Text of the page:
Active Dampness Control & Radon Reduction for New Construction
Active Dampness Control (ADC) Systems , (aka radon mitigation systems) are designed and engineered to reduce indoor air health risks by preventing radon, water vapor and other soil gases from entering the home.
Active Dampness Control (ADC) System™
An active ADC System quietly and unobtrusively provides better indoor air quality and a healthier living with no homeowner maintenance. Most systems use about the same amount of energy as a low wattage light bulb.
Each home is retested for radon concentration immediately following occupancy. Homeowners are provided with graphical representation of hourly radon concentration test results, performance guaranty and transferable warranty.
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Images & Video Courtesy of Radon Away
An ADC System helps to protect home occupants by improving air quality for a healthier, more comfortable indoor environment:
- Reducing moisture, allergens, summer time humidity, radon and other harmful soil gases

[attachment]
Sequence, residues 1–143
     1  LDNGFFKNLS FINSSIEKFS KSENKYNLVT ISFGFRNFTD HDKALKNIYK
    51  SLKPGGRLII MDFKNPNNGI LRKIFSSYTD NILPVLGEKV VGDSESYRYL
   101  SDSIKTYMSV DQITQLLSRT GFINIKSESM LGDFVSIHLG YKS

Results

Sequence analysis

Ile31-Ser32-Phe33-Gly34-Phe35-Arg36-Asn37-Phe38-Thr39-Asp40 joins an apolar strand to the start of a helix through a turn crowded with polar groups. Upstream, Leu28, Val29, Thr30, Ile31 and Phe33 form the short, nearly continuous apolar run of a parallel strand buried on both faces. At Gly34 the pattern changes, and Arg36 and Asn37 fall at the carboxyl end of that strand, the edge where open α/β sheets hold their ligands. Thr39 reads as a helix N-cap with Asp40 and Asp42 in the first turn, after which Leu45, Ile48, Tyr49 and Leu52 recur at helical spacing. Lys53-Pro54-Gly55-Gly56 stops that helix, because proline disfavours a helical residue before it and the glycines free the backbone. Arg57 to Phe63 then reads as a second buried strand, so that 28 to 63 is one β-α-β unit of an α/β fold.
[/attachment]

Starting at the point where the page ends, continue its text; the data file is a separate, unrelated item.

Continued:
- Preventing as much as 1,000 gallons of water vapor from entering the home annually
- Reducing moisture-related health hazards such as mold and mildew and insect infestation
Eliminate some of the toxins and allergens that can cause:
- Lung cancer
- Severe allergic reactions
- And a long list of additional mild or serious allergen-induced symptoms
Active Radon Systems / RRNC create a healthier home environment by reducing the likelihood of moisture-related new-home problems such as warping wood, odors and mold or mildew.
What is RRNC?
RRNC (Radon Resistant New Construction) refers to the process of preparing a new home for the installation of a radon system during the early construction phase and is identical to the installation of an Active Dampness Control System, rough-in.
Does RRNC with a Passive System Reduce Radon?
A passive system or RRNC may provide some reduction in radon levels based on the natural convection of heat rising up through the home, (stack effect), but an active system will greatly reduce radon levels in nearly every new home. Both terms give the impression that a home is safe from radon, however a home with RRNC or a passive radon system is not guaranteed to resist radon nor is it guaranteed to be radon free.
These two simple and relatively inexpensive additional steps will make a passive or RRNC system active:
1. Add a radon fan.
2. Test the radon level.